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Consequences

Training sessions

Of the 762 people who attended training sessions, 631 (83%) completed the evaluation form (Appendix A). The majority of evaluation participants were school nurses (n = 243); the second largest group was food-service workers (n = 150). Of the 631 evaluation participants, 459 (73%) stated that they had worked with a child with diabetes in the school setting; 143 (23%) had not worked with a child with diabetes; 15 (2%) did not know if they had; and 14 (2%) did not respond to the question.

On questions about the training session’s content, quality, organization, and appropriateness, responses averaged 4.42 points on a scale of 1 (poor) to 5 (excellent). Four questions targeted the value of the training; respondents rated the sessions an average of 3.76 points on a scale of 1 (strongly disagree) to 4 (strongly agree) for these questions.

Open-ended questions allowed respondents to share information about the aspect of the training that was most helpful and least helpful, and about any change they would suggest to improve the training. Revisions to the training format (e.g., increased length, increased networking opportunities, more information on certain subjects) were made to subsequent sessions based on these responses. Responses were not tracked by length of training attended, so no comparisons can be made between the impact of the 1-hour sessions and the longer sessions.

Promotional efforts

Workgroup members have reported activities such as giving presentations to their organization, distributing order forms or resource guides to colleagues, providing exhibits or announcements at conferences, offering Web site links, publishing newsletter articles, and mailing promotional materials. We counted five direct mailings, eight Web site postings, 14 electronic mailing list or newsletter articles, and 33 face-to-face presentations.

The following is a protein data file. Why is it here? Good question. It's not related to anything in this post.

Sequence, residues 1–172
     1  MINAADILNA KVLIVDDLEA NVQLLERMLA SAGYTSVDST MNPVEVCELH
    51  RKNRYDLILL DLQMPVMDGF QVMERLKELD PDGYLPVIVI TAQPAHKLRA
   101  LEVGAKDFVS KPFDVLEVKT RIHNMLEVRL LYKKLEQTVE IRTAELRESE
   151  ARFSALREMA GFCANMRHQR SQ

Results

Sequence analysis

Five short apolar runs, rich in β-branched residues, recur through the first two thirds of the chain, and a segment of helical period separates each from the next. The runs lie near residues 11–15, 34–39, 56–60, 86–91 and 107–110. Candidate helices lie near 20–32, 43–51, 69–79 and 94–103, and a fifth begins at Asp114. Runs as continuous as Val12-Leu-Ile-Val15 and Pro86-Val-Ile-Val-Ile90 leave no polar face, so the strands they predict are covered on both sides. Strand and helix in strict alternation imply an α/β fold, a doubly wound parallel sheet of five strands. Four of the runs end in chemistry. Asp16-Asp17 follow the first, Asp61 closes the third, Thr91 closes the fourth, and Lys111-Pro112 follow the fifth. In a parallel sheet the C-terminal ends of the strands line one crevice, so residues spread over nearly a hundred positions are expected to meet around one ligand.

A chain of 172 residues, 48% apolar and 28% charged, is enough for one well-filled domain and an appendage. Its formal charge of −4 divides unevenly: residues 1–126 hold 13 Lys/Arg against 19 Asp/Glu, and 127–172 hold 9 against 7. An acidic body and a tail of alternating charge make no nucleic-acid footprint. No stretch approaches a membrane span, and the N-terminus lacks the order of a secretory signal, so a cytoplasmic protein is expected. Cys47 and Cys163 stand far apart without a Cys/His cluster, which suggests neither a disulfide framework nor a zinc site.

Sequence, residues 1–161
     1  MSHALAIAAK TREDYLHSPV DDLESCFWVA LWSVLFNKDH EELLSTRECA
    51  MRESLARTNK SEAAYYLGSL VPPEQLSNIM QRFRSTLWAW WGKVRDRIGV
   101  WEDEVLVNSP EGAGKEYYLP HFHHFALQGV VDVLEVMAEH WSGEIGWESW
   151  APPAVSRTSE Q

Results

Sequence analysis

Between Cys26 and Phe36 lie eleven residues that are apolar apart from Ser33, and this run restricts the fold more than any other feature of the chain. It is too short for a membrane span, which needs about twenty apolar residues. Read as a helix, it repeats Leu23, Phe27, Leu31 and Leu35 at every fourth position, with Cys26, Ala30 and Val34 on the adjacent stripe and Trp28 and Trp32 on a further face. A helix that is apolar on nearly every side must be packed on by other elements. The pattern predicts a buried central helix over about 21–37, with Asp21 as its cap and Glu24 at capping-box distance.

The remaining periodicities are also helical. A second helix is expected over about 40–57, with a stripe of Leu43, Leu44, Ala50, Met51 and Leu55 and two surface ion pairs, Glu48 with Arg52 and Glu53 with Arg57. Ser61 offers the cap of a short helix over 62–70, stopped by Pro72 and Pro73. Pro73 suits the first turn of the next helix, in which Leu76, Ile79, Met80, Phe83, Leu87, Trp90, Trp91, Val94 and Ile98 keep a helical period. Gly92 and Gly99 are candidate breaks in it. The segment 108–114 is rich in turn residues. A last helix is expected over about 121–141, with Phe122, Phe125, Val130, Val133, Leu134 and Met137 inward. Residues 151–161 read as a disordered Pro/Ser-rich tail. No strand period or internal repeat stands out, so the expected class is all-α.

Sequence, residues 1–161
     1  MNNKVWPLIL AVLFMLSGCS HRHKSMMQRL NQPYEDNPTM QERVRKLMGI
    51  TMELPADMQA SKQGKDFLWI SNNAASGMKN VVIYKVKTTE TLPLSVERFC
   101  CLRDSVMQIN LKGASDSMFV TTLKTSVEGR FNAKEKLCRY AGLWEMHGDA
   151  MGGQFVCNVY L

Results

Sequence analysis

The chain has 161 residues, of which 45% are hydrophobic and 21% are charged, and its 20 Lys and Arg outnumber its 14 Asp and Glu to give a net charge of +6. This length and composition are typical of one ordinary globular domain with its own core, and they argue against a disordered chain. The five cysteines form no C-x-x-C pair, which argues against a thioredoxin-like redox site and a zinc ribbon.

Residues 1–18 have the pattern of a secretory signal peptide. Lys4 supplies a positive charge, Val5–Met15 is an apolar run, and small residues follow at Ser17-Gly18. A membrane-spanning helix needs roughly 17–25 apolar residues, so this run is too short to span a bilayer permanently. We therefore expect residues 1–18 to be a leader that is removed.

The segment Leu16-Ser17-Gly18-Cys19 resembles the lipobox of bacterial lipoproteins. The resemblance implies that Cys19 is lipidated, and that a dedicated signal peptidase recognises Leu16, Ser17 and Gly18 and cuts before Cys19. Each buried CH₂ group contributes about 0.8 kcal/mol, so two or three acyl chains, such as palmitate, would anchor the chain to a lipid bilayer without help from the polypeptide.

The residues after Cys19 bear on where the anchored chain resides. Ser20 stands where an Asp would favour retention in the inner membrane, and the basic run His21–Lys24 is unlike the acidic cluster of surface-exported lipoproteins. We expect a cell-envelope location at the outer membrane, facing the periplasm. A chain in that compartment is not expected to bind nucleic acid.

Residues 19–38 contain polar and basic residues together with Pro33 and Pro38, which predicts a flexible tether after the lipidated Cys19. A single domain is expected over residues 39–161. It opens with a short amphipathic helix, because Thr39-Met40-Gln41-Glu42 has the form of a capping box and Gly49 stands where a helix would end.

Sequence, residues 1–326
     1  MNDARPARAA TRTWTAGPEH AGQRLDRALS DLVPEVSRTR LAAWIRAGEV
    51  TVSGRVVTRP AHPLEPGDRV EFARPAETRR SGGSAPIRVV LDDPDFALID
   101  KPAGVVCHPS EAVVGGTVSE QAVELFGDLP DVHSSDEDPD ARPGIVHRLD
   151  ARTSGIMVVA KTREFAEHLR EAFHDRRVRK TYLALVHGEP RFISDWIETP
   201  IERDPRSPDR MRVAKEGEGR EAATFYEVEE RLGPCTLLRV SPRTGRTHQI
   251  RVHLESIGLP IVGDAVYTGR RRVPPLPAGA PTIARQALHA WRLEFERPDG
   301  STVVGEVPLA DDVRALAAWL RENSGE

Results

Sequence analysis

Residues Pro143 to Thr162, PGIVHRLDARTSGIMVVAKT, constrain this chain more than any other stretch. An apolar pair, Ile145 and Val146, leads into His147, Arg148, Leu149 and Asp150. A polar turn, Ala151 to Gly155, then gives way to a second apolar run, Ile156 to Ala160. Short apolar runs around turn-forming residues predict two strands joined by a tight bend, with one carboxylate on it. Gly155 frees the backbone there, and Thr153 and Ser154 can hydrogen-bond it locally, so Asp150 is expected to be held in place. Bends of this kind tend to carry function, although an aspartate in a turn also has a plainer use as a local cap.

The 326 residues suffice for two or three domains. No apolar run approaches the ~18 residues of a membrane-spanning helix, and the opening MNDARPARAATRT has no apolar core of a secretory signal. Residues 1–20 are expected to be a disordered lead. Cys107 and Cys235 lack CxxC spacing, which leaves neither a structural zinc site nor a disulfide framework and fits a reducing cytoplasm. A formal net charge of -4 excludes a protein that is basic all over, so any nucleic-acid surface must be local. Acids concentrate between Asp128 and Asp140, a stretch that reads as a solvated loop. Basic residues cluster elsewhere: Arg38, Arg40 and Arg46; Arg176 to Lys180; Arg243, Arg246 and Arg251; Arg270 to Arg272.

Evaluation information on promotional activities provided by workgroup members was sparse: only 25 reports of promotional activities were received. We expected the difference in response rates between the onsite training evaluations and the mailed or faxed reporting of promotional activities through Report of Action forms (Appendix B). The low response rate, however, limits the ability to draw conclusions about the effectiveness of the promotional efforts. For future efforts, we will consider sending a subsequent mailing requesting feedback in exchange for an incentive gift to raise response rates.

Resource guide evaluation form

More than 9713 resource guides were distributed. A sample of guides included an evaluation form (Appendix C). Only 58 recipients of the resource guide returned evaluation forms; 57 of these respondents indicated they would recommend the guide to others.

Follow-up impact survey

A follow-up survey was sent to 1359 individuals for whom we had mailing addresses and who had received the resource guide. This impact survey sought to determine the number of schools that have made changes to improve the school environment for children with diabetes and what those changes are (Appendix D). Preliminary results indicate that of the 331 respondents, 34 (10%) reported that they frequently referred to the resource guide, 73 (22%) referred to it several times, 158 (48%) referred to it a few times, and 63 (19%) never referred to it. Of the survey respondents, 13 (4%) reported that they frequently referred parents, colleagues, or both to the resource guide, 59 (18%) referred others several times, 143 (43%) referred others a few times, and 109 (33%) never referred others.

The survey’s open-ended questions demonstrate that policy and procedure changes have occurred in schools that received the resource guide. Following are examples of the changes noted by respondents: incorporating healthy snacks into the school day, eliminating soda machines and the sale of candy during the school day, modifying field trip procedures, providing information on the carbohydrate content of cafeteria items, and allowing blood glucose tests in the classroom. The impact survey also indicated that schools have made changes to improve the school environment for children with other chronic conditions, such as asthma and seizure disorders.